From Lutheran World Information comes this story of hope in the life of one young man growing up through the years of civil war in El Salvador:
SAN SALVADOR, El Salvador/GENEVA, 22 November 2007 (LWI) - Christian Chavarria was just four years old when civil war broke out in El Salvador in 1980. It lasted 12 years during which some 80,000 people died, millions were left homeless, while thousands more simply disappeared.
The 31 year-old Salvadoran remembers clearly the day a group of armed soldiers entered his home, fired shots at his brothers then aged seven and nine, and uncle, and pushed the younger boy against a wall, leaving him unconscious. He came to only to find his relatives' corpses beside him, and spent the next two days in the house until his parents rescued him. The armed men had apparently been looking for his mother, one of the principal leaders of the insurgency movement at that time.
The conflict predominantly fought between the government forces and the then revolutionary Farabundo Marti National Liberation Front (FMLN) coalition was infamous for its so-called death squads targeting civilians, nuns and priests among others.
Like many of their compatriots, Chavarria and the surviving family members eventually fled into neighboring Honduras, where they lived for several years. He learned informally to read and write in the refugee camp, always encouraged by his mother to take advantage of whatever opportunity arose in the difficult situation. He was a gifted artist, and she encouraged him to develop this skill.
He returned to his native country as an adolescent, and was admitted to secondary school. But by the age of 15, he had already seen two of his best friends - among thousands of young people - felled in the battles in which he was also involved as a liberation army member. His memories of the following years are marked with the harsh reality of the civil war - death, massacres, accumulated hatred and thirst for revenge.
Chavarria still wonders how he managed to escape ambushes that could have led to his death. In view of the imminent danger to his life, he embarked for Sweden as a refugee. Away from home again, the talented artist turned his energies into drawing and painting, and slowly learned to survive without weapons or hostility for the next two-and-a-half years. But he yearned to return home to a peaceful country.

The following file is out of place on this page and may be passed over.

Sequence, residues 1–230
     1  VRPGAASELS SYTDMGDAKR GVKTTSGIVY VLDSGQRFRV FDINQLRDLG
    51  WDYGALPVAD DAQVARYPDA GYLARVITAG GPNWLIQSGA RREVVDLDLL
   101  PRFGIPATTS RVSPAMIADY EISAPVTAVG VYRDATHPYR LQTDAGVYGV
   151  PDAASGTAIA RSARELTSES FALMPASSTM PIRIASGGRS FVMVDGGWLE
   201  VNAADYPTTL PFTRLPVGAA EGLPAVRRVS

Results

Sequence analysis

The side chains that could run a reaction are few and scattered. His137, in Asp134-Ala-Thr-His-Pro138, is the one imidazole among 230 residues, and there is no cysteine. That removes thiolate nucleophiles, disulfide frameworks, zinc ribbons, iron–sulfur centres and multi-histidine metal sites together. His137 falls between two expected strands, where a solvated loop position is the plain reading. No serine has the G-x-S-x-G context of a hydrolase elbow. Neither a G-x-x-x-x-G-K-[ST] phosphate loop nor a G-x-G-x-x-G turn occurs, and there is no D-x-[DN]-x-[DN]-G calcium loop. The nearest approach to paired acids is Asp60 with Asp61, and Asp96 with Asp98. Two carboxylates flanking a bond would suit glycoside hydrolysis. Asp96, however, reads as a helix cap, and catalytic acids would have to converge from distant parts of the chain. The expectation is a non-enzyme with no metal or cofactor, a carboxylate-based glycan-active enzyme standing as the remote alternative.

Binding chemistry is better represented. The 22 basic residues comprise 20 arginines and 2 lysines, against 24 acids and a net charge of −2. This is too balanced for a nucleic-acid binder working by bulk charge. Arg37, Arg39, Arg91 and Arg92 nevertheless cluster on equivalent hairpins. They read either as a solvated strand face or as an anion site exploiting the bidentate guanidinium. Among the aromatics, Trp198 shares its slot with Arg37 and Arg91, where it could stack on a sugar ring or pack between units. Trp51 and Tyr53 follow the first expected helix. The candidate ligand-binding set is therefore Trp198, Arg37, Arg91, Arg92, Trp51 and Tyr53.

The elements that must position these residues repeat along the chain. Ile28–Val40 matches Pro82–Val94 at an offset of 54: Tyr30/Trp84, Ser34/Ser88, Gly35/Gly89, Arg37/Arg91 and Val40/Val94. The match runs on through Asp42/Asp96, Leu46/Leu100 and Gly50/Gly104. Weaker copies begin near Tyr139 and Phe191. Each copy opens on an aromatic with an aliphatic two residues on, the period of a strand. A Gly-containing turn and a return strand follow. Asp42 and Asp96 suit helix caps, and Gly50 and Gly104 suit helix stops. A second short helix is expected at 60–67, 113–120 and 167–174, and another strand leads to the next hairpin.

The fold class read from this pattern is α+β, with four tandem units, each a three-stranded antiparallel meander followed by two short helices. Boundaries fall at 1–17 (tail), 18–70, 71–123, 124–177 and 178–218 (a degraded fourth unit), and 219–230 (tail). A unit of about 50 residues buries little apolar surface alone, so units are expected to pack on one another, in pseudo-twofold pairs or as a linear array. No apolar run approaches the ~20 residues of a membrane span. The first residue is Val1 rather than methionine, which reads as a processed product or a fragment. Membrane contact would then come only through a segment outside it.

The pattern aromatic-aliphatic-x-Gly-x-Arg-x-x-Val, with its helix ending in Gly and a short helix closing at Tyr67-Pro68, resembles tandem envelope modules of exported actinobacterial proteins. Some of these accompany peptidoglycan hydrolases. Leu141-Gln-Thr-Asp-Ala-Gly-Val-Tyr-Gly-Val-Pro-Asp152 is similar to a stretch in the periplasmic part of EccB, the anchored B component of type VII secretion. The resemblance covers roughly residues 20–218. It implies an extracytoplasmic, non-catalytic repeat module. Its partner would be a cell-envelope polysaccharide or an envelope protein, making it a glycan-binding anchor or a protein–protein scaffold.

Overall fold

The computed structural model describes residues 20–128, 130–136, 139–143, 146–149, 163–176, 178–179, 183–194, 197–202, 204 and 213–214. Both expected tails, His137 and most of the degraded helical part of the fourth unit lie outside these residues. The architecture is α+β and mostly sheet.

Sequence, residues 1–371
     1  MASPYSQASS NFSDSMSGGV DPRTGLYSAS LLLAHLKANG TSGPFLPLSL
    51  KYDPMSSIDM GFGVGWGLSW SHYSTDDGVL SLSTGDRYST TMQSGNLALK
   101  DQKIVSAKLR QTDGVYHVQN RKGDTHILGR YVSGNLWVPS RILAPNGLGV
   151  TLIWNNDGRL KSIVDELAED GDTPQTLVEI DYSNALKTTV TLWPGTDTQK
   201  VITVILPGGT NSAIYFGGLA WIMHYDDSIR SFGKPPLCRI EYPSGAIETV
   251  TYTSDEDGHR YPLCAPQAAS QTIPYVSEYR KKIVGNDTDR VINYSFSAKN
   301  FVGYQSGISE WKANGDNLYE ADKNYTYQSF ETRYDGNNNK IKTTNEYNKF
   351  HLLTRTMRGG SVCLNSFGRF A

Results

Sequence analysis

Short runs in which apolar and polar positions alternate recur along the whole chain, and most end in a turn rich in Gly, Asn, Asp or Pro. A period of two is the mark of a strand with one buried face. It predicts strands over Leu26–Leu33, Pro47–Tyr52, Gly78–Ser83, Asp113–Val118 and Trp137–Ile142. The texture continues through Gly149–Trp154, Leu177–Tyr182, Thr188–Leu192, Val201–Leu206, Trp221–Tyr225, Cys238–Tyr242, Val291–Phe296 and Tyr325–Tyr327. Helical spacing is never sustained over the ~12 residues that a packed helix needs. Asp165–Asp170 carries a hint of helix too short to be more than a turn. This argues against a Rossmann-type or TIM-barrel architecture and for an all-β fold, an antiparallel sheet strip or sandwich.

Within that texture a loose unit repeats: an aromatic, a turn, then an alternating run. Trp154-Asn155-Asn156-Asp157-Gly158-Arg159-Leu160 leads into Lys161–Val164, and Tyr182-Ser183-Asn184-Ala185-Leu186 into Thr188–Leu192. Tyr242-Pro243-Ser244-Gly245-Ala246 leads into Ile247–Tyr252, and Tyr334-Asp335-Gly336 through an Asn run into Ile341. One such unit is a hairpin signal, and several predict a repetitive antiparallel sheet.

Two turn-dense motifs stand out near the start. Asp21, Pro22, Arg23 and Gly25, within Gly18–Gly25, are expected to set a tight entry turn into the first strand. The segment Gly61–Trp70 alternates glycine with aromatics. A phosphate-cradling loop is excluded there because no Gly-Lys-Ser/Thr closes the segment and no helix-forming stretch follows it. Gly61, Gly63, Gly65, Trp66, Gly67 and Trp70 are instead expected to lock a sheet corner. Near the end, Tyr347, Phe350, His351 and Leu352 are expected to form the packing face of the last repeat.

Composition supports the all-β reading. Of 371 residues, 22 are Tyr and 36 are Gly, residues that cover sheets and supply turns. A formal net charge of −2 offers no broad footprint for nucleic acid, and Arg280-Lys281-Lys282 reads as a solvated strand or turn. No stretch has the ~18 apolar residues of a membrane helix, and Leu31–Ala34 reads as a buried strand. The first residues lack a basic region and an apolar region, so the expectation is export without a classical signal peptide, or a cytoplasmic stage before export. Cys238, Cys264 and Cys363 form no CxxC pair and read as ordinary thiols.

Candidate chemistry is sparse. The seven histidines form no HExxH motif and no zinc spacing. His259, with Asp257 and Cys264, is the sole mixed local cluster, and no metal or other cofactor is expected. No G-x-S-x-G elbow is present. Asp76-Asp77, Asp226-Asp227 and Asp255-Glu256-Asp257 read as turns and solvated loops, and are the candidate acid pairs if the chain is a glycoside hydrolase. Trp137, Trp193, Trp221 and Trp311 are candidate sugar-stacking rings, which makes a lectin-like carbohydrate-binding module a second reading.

In 1992 the FMLN and the right-wing government of then president Alfredo Cristiani signed the peace treaty that ended the war. Chavarria returned to his birthplace, El Salvador's capital San Salvador with one goal - to advance his education and develop his artwork.
His main focus all along has been hand-made wooden crosses, which he paints with images that raise awareness about subjects such as poverty, water, globalization and peaceful co-existence, among others. He has painted around 250,000 crosses of different sizes, which he says have traveled right around the world, including one he presented to Finnish President Tarja K. Halonen in May 2007.
The proceeds from painting and selling crosses and other handicrafts are his main source of income and financial upkeep toward his family members. But the crosses are more than a livelihood for the young member of the Salvadoran Lutheran Synod (SLS). He enjoys "making them and it is the best therapy to cope with difficult moments," he says.
At home and during visits abroad, Chavarria also conducts cross-painting workshops for young people to raise awareness especially about the needs of the poor. He recently participated in a workshop on water organized by the Women in Church and Society (WICAS) desk of the Lutheran World Federation (LWF) Department for Mission and Development (DMD) near the Salvadoran capital. Standing out among other items on display was a multi-colored cross, depicting the problems associated with inaccessibility to clean water in El Salvador such as children's death from water-borne diseases.
Personal note -- my wife met Christian earlier this year. I'll probably have more about his story in a future post.